HOUSTON, Tx. – In the month since commissioner Rob Manfred levied a $5 million fine and stripped the Houston Astros of four draft picks for improperly using technology to steal signs, it has become evident that the rest of the league’s players do not find the punishment to be severe enough. Indeed, it seems inevitable that Major League Baseball will soon have a different problem to solve: how to stop opposing pitchers from seeking justice in the form of retaliatory plunkings.
New Astros manager Dusty Baker is among those to sense what’s coming. On Saturday, he made it clear he hopes the league takes preventive measures before anyone gets hurt.
“I’m depending on the league to try to put a stop to this seemingly premeditated retaliation that I’m hearing about,” Baker said, per ESPN’s Jeff Passan. “And in most instances in life, you get kind of reprimanded when you have premeditated anything. I’m just hoping that the league puts a stop to this before somebody gets hurt.”
Too many players to count have expressed disgust with the Astros over the past week, including various members of the Los Angeles Dodgers. The Dodgers, of course, lost the 2017 World Series to the Astros in seven games. They, along with everyone else, can only wonder how the series would have played out if the Astros had not been cheating.
Though the Dodgers are not scheduled to play the Astros this season, an uncompleted trade that would have sent Ross Stripling to the Los Angeles Angels gave Stripling a chance to think about whether he would’ve thrown at the Astros when he faced them. “I would lean toward yes. In the right time and the right place,” Stripling told Jorge Castillo of the Los Angeles Times.
Alex Wood raised an absurd point: a pitcher who plunks an Astros batter intentionally is likely to face a stiffer penalty than any Astros player will for their role in the cheating scandal. “It’s funny because I’m pretty sure it probably will happen. Somebody will take it into their own hands,” he told Bill Plunkett of the Orange County Register, “and they’ll get suspended more games than any of those guys got for the biggest cheating scandal in 100 years. It’ll be pretty ironic when that happens because I’m sure that’s how it will end up playing out.”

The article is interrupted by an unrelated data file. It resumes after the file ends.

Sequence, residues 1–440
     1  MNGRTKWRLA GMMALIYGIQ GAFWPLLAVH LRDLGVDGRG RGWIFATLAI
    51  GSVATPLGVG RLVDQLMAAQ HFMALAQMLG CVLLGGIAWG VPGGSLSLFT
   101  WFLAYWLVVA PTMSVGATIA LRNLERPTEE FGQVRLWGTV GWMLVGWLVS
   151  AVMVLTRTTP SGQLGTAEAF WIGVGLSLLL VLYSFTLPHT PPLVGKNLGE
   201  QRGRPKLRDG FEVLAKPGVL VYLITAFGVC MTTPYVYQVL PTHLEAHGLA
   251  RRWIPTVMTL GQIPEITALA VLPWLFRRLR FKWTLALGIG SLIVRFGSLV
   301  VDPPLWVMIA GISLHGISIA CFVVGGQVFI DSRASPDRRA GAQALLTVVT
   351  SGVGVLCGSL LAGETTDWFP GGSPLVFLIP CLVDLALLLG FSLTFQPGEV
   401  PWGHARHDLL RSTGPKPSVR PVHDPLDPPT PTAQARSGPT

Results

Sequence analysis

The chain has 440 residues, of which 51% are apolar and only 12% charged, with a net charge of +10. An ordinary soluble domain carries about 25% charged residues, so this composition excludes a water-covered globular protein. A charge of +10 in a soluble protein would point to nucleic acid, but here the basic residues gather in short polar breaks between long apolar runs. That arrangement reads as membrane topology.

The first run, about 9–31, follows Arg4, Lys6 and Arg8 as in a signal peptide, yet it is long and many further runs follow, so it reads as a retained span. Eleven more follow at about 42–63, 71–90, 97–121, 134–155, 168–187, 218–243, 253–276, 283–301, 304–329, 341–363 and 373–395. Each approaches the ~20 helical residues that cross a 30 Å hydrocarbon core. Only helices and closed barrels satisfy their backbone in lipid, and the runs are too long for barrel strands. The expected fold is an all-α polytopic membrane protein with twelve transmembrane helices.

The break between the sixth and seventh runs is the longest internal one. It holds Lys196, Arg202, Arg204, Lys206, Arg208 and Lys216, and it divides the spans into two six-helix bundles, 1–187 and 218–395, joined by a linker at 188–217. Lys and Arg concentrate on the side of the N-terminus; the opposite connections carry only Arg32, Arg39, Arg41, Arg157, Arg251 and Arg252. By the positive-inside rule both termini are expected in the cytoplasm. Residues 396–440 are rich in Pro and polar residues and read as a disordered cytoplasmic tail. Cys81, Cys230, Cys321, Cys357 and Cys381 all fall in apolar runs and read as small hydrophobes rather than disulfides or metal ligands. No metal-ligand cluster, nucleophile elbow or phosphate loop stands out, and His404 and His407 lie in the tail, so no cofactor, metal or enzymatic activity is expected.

Commissioner Manfred granted the Astros players immunity in exchange for honest accounts. Presumably, Manfred wanted to prevent a drawn-out process and did not want to have to investigate further allegations that would have been made if the players knew they were likely to face suspensions. Manfred also likely wanted to avoid a prolonged battle with the union.
It’s worth noting that Manfred’s official report concluded the sign-stealing operation was “player-driven.” That account has since been thrown into question by the Wall Street Journal, who published emails proving the Astros’ front office knew and contributed to the team’s “dark arts.” That includes current employees like Tom Koch-Weser.